People who identify as sexual minorities consistently face barriers to decent and meaningful employment, especially when coupled with additional constraints such as low socioeconomic status or marginalization experiences. Drawing from the psychology of working theory as our theoretical framework, this study examined the relations of economic constraints (social class) and marginalization (negative sexual minority workplace climate) to work volition, decent work, and meaningful work with a sample of working adults identifying with sexual minority identities. Consistent with hypotheses, social class and workplace climate indirectly predicted decent work, via work volition, and workplace climate also directly predicted decent work. Decent work and work volition were each direct predictors of meaningful work and decent work partially mediated the relation of work volition to meaningful work. Results highlight the importance of advocacy and adequate workplace supports for sexual minority individuals.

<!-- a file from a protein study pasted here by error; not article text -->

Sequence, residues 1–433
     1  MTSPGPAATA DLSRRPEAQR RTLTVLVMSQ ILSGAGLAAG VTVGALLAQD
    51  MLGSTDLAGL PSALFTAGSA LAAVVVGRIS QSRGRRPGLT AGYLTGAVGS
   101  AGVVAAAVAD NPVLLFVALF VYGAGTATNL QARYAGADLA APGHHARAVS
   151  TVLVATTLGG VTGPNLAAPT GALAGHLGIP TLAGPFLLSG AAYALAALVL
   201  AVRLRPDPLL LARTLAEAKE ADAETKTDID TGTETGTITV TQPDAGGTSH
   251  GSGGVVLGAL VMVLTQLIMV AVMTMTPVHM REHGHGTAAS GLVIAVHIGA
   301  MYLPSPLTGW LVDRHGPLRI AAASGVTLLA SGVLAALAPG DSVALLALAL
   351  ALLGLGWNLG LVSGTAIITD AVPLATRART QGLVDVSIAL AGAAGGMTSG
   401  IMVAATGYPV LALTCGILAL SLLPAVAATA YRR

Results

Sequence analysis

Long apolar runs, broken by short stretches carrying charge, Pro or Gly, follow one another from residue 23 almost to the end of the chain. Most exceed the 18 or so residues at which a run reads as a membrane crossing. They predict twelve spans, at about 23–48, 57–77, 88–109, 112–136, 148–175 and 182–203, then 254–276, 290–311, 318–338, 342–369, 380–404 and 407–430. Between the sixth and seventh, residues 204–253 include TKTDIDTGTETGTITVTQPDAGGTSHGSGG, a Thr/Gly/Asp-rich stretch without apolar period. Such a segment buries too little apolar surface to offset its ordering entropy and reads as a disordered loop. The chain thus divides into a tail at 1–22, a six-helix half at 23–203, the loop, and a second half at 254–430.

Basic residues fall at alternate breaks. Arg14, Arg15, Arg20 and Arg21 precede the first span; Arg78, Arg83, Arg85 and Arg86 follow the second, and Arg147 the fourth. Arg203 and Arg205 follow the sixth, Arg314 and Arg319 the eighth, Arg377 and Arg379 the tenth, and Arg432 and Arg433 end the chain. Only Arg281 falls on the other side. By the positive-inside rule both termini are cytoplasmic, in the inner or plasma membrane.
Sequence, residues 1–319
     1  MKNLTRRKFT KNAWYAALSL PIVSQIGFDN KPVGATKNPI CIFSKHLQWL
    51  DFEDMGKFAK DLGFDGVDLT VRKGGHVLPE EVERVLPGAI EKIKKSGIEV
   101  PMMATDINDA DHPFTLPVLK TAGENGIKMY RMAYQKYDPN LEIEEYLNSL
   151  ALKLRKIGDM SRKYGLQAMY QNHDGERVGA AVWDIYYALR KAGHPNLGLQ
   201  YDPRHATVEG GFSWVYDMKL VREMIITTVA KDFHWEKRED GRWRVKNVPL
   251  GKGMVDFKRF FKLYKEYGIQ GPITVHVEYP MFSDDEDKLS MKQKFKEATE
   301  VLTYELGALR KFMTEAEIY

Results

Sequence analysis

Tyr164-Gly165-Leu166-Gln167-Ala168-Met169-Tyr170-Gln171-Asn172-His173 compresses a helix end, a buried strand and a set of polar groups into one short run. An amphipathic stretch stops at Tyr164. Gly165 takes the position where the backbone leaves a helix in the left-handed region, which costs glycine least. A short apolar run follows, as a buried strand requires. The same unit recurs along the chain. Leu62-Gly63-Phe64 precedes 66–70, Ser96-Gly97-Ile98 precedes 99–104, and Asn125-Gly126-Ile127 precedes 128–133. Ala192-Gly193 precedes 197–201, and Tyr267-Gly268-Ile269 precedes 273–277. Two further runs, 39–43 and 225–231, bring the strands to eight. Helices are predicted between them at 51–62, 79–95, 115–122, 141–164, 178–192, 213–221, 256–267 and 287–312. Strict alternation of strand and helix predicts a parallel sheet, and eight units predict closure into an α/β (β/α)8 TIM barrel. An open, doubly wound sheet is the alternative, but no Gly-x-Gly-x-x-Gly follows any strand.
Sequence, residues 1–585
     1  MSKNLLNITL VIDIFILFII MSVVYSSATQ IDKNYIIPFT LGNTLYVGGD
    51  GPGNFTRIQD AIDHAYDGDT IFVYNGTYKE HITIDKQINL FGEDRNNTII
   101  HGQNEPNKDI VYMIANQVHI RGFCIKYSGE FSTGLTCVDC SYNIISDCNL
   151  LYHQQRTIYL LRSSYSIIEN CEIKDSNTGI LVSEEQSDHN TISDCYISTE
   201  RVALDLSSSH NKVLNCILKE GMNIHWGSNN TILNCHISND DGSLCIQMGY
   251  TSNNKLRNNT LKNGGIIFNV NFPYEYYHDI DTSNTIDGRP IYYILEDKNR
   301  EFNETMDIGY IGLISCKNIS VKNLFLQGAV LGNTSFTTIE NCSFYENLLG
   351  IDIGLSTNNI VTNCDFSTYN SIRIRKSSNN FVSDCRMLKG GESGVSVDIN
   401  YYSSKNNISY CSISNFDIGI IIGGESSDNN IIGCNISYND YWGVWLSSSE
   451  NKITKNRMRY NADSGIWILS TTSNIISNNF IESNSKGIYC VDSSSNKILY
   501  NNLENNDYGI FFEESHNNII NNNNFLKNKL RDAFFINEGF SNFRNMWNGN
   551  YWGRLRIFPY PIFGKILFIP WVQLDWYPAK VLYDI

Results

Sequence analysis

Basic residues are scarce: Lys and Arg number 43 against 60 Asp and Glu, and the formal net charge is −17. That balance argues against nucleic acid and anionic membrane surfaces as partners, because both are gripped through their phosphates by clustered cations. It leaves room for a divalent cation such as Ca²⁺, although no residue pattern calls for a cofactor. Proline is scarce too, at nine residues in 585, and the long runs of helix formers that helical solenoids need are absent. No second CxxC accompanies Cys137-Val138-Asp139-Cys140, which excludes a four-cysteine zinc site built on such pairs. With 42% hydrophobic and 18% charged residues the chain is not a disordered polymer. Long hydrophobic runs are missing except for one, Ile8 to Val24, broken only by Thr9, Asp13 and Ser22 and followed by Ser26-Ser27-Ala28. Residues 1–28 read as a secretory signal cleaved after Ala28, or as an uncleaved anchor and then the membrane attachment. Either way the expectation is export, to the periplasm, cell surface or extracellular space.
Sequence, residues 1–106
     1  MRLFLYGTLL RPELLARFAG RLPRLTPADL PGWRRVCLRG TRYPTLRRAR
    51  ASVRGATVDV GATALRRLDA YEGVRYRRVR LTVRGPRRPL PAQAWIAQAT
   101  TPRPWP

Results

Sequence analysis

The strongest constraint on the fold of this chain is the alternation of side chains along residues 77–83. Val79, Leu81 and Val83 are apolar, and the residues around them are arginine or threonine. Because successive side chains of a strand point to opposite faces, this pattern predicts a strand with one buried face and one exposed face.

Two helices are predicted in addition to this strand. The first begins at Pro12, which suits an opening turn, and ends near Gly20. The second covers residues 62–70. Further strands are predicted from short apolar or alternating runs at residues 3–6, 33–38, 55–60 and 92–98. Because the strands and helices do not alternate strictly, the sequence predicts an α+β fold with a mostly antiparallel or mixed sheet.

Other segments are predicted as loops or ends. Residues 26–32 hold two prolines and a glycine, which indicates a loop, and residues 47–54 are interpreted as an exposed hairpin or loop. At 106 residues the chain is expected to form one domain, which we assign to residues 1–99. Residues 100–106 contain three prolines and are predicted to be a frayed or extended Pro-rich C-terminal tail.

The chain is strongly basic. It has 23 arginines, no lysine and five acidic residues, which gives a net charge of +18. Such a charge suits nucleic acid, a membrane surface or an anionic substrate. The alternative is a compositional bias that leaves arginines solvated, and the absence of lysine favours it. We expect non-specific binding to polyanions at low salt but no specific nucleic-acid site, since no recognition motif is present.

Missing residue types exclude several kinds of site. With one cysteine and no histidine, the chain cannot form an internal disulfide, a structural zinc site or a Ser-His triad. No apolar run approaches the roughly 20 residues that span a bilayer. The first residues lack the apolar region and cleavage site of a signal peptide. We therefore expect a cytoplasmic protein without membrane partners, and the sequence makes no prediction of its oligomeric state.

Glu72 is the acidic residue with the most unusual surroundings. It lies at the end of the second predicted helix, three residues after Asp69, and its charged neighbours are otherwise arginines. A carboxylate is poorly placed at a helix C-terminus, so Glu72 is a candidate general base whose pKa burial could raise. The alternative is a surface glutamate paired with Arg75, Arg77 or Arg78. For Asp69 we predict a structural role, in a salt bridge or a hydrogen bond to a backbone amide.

- decent work
- meaningful work
- sexual minority workplace climate
- social class
- work volition